The Great War is now passing over the horizon of living memory. In Geoff and Edith's letters, the period emerges in bright colours from the sepia of old photographs, the jerky movements of the old film footage, and the unending, circular debate about the industrial slaughter on the battlefields. The letters remind us that this terrible conflict was fought by young people with the same everlasting emotions and hopes as young people of every generation.

Geoff addresses Edith as "Girl" or "Dear Girl" or " Blue Eyes" or "Golden Locks". She addresses him, more primly, as "Geoff, dear" but is not afraid of flirting outrageously in paper and ink.

If you extract the period slang - "ripping", "beastly", "spiffing" etc - the letters could be a series of e-mails between undergraduate sweethearts in 2005. Much fun is had with fake military censorship of risqué terms.

Geoff writes on 27 November 1915, after Edith has suggested that he should simulate a stomach upset to gain some early leave: "Your suggestion that I should go home with dysintry [sic] is really the limit ... What would our grandmothers say to the modern girl's letter to her - er - beloved at the front?" He then mimics a Victorian girl writing to her soldier sweetheart: "Algernon, my best belovedst. How is your stomach?... I have just heard of a cure for your ---- (deleted by censor)'."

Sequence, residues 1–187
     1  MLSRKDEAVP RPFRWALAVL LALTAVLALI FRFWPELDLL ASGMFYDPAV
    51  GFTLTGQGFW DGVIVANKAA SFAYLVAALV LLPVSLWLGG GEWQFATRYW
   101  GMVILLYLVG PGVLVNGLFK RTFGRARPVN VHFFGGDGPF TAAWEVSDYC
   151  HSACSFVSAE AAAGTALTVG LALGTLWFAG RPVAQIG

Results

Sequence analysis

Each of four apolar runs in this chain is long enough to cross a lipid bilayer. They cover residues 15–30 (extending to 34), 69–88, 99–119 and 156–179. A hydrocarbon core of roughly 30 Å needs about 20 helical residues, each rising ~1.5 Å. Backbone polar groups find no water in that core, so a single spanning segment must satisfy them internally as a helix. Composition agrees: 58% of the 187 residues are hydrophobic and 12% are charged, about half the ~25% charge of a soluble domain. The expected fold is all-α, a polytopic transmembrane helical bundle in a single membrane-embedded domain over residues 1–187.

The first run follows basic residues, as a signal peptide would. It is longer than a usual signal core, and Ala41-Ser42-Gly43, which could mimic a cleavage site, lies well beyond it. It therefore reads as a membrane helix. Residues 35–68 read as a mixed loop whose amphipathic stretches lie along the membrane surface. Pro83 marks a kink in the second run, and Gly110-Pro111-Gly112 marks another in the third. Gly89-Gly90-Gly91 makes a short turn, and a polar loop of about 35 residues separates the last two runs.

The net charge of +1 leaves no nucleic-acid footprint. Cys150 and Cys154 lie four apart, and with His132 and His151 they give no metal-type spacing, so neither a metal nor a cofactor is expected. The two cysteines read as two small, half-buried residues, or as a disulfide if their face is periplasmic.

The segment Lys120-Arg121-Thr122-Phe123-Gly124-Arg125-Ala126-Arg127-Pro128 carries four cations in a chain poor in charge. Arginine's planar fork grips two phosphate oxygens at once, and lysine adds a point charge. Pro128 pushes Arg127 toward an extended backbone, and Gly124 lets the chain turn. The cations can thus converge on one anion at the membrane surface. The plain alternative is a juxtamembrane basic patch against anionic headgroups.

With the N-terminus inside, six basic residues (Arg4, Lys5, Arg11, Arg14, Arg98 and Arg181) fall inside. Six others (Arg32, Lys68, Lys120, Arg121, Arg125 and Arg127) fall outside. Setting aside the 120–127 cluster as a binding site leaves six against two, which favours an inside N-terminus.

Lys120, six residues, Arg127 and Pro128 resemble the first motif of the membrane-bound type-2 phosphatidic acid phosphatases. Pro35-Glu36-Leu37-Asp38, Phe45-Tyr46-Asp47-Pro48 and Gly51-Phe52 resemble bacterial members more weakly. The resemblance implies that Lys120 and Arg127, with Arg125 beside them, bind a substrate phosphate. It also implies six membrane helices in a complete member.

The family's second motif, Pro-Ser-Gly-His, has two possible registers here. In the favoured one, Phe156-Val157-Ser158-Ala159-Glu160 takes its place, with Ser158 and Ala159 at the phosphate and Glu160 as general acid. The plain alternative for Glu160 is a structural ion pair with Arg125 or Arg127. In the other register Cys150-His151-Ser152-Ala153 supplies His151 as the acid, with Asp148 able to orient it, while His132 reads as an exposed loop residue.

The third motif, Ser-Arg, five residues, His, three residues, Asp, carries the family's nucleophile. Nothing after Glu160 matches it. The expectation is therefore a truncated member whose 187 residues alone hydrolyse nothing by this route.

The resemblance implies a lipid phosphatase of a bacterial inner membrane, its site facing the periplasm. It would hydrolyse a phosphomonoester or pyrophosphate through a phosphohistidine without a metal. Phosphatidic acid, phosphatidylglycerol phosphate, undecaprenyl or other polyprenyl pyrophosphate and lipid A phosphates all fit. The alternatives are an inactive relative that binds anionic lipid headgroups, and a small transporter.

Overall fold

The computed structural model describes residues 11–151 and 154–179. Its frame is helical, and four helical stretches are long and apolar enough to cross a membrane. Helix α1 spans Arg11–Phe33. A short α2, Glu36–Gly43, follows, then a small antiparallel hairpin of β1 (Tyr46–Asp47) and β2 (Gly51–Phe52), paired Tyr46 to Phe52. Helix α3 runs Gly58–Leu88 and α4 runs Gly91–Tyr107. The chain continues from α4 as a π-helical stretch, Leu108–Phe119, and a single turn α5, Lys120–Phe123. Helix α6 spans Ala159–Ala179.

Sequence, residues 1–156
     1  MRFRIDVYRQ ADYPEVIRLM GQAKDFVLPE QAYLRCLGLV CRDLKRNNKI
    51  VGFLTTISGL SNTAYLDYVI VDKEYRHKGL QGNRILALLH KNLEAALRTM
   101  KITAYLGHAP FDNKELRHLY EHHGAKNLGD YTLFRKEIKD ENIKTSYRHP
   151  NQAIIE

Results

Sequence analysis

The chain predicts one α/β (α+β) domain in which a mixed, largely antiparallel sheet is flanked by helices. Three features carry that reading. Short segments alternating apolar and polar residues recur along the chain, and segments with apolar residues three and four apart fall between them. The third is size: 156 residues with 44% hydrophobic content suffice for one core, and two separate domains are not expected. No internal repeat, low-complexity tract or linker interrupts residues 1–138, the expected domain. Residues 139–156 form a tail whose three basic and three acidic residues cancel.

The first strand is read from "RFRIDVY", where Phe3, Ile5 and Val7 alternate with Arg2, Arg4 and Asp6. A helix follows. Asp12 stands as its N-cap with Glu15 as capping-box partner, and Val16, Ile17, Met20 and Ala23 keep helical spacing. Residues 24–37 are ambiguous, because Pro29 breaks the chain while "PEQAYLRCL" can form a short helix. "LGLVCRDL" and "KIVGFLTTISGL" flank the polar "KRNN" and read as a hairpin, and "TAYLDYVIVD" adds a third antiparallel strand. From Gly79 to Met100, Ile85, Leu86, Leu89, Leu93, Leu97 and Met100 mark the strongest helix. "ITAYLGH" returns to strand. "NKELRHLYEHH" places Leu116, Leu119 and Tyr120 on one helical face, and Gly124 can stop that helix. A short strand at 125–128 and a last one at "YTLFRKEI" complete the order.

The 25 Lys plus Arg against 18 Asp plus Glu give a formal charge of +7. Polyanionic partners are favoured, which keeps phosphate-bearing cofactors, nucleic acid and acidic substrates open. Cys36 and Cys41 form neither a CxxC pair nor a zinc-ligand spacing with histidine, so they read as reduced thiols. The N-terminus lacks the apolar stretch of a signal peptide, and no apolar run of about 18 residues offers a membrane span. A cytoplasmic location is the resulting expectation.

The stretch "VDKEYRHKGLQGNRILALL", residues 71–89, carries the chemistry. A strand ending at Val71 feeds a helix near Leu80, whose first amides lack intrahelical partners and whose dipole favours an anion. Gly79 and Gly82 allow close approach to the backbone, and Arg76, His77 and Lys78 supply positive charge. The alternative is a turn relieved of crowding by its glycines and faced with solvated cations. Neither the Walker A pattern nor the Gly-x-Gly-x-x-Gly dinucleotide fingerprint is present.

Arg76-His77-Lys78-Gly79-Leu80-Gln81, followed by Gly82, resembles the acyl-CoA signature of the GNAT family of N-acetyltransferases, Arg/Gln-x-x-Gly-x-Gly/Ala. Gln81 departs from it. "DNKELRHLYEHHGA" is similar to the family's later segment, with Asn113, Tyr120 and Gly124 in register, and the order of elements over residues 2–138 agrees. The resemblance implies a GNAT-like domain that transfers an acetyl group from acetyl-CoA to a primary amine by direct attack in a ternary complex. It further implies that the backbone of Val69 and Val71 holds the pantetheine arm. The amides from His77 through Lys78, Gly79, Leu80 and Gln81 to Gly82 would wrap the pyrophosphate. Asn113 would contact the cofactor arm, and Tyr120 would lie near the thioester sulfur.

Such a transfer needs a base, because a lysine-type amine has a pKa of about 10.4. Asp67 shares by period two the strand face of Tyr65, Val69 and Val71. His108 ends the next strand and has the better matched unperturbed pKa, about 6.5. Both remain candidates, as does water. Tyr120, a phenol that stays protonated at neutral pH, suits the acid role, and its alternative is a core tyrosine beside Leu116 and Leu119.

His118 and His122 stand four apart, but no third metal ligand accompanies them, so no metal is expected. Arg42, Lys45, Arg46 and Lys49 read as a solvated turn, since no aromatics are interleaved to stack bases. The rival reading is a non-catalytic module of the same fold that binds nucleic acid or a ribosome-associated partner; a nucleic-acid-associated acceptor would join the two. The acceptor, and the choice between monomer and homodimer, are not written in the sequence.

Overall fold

Edith writes to Geoff on 23 January 1916: "I've decided what I'm going to do in the very distant future ... I shall have a dog, a cat, a very talkative parrot and a pale-blue motor ... I expect you'll say that the cat will eat the parrot, the dog will eat the cat and I shall die of melancholia but all the same that's what I'm going to do.

"It's a good job you weren't here when I was drying my hair by the fire, isn't it? I wonder if we should have been bored then?"

Geoffrey's attitude to the war darkens as the letters go on. Boyish excitement turns to resigned patriotism. He believes that he is fighting for the forces of good against "the Unmentionables" but he becomes angered and depressed by the deaths of "nearly all my friends" in the battles of early 1916.

On 27 April 1916, Geoffrey sends Edith a short letter saying he is finally promised leave and "will probably be in Brum somewhere near May 9th with luck". After a series of near misses, the pen-pals, who have become pen-lovers, are to meet at last.

Second Lieutenant Boothby of the Royal Engineers worked in dark and flooded tunnels under No Man's Land, trying to blow up German trenches. On 28 April 1916 - eight months after Geoff was first posted to the front, and the day after his last letter - he was himself blown up by the detonation of a German counter-tunnel north-east of Ypres.

His body lies "30-odd feet below Belgium" to this day.